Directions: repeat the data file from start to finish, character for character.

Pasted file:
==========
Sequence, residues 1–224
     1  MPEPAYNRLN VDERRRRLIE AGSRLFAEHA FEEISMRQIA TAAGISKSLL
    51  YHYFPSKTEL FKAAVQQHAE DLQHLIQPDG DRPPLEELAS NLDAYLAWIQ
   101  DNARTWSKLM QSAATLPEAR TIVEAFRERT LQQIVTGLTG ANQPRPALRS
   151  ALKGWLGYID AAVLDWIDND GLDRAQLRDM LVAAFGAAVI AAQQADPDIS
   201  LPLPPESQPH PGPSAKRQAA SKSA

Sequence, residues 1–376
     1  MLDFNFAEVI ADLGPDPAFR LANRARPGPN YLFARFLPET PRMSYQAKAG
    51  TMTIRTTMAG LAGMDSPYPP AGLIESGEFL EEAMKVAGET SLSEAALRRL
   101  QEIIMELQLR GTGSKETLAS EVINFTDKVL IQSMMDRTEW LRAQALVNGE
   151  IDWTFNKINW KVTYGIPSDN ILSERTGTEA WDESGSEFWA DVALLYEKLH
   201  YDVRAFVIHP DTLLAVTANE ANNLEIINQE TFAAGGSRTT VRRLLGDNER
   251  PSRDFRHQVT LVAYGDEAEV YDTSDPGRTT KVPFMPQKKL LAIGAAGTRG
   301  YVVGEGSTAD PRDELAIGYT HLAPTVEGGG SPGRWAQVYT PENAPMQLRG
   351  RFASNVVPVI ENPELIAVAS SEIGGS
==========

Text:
Sequence, residues 1–224
     1  MPEPAYNRLN VDERRRRLIE AGSRLFAEHA FEEISMRQIA TAAGISKSLL
    51  YHYFPSKTEL FKAAVQQHAE DLQHLIQPDG DRPPLEELAS NLDAYLAWIQ
   101  DNARTWSKLM QSAATLPEAR TIVEAFRERT LQQIVTGLTG ANQPRPALRS
   151  ALKGWLGYID AAVLDWIDND GLDRAQLRDM LVAAFGAAVI AAQQADPDIS
   201  LPLPPESQPH PGPSAKRQAA SKSA

Sequence, residues 1–376
     1  MLDFNFAEVI ADLGPDPAFR LANRARPGPN YLFARFLPET PRMSYQAKAG
    51  TMTIRTTMAG LAGMDSPYPP AGLIESGEFL EEAMKVAGET SLSEAALRRL
   101  QEIIMELQLR GTGSKETLAS EVINFTDKVL IQSMMDRTEW LRAQALVNGE
   151  IDWTFNKINW KVTYGIPSDN ILSERTGTEA WDESGSEFWA DVALLYEKLH
   201  YDVRAFVIHP DTLLAVTANE ANNLEIINQE TFAAGGSRTT VRRLLGDNER
   251  PSRDFRHQVT LVAYGDEAEV YDTSDPGRTT KVPFMPQKKL LAIGAAGTRG
   301  YVVGEGSTAD PRDELAIGYT HLAPTVEGGG SPGRWAQVYT PENAPMQLRG
   351  RFASNVVPVI ENPELIAVAS SEIGGS